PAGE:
A senior Salvation Army officer denies the charity had a pedophile in its ranks, but admits no culture of investigation existed.
A Salvation Army Officer who confessed to sexually abusing an eight-year-old girl is not a pedophile, while the Christian group once had no culture of investigation, a Royal Commission has been told.
A Salvos officer on Tuesday denied the organisation had known it had a pedophile in its ranks when being questioned about the charity’s response to Colin Haggar, a former officer the commission has been told admitted abusing the child in a central western NSW town in 1989.
The church group’s former head of personnel, Major Peter Farthing, said people who sexually abused children were not necessarily pedophiles – and instead committed crimes of opportunity.
“My understanding is that a pedophile is somebody whose primary sexual orientation is towards children or adolescents, and not all offenders are pedophiles,” he told the Royal Commission into Institutional Responses to Child Sexual Abuse.
“Left alone with a child, they might have some brokenness, something going on in their own life which may make them vulnerable to offend and they will abuse a child.”
Haggar was dismissed from the Salvos in 1990, but was readmitted in 1993.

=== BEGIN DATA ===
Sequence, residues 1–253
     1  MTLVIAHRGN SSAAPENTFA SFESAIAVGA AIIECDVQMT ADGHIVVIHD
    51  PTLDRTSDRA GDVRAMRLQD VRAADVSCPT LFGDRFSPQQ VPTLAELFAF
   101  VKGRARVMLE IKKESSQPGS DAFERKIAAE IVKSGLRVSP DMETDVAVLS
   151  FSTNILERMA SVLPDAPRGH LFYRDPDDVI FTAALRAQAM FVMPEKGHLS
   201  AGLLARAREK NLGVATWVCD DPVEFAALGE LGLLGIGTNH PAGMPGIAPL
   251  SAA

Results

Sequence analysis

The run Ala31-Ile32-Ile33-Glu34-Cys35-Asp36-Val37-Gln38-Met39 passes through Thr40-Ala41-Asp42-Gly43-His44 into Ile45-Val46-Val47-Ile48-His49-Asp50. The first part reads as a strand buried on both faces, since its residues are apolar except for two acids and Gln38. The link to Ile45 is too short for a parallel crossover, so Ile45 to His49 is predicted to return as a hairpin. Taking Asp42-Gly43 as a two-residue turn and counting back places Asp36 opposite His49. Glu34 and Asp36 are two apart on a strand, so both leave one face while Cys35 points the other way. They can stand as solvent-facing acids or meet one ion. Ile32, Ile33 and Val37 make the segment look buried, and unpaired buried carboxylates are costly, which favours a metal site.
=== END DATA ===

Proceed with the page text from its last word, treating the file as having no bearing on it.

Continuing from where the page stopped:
He was sacked last year.
Mr Farthing said an independent psychiatrist, Dr Bruce Westmore, judged Mr Haggar to be at a low risk of reoffending.
But he said the impact of abuse on the child was always the same and “serious”.
Mr Farthing also said he did not launch an investigation into allegations Mr Haggar also indecently assaulted two adult women in 1990 because “it wasn’t a contemporary action” and inquiries were not “second nature” to him.
“It is not something I’m greatly familiar with, and it is not something the Salvation Army have habitually done,” he said.
“So you know, my mind didn’t immediately run (to) `I have to investigate this’.”
Mr Farthing later said he misspoke and that many investigations had been conducted by the Salvation Army’s professional standards office.
But he was unaware a list of 150 matters of sexual assault had been recently given to police.
Mr Farthing also took issue with reports the Salvation Army had a pedophile in its ranks.
“We would dispute that,” he said.
However, he said the church had failed many of its charges over the years.
“The Salvation Army failed to love too many men and women,” he said.
“We are determined to do what is right, to right that wrong.”
Mr Farthing said Mr Haggar had not offended in 25 years.
The man now in charge of the army’s eastern region, James Condon, gave evidence last week that he accompanied Mr Haggar when he went to police in 1990 to report the offence.
Mr Condon, who was a captain at the time, could not recall details but said police had told Mr Haggar no action could be taken without the victim making a complaint.